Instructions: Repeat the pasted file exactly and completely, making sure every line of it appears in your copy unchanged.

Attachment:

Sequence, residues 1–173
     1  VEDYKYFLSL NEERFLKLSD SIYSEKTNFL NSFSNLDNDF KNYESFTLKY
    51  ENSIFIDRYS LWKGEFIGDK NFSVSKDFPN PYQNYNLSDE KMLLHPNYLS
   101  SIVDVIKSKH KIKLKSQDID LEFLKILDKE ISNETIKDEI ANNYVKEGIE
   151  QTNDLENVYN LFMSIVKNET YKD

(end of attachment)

Sequence, residues 1–173
     1  VEDYKYFLSL NEERFLKLSD SIYSEKTNFL NSFSNLDNDF KNYESFTLKY
    51  ENSIFIDRYS LWKGEFIGDK NFSVSKDFPN PYQNYNLSDE KMLLHPNYLS
   101  SIVDVIKSKH KIKLKSQDID LEFLKILDKE ISNETIKDEI ANNYVKEGIE
   151  QTNDLENVYN LFMSIVKNET YKD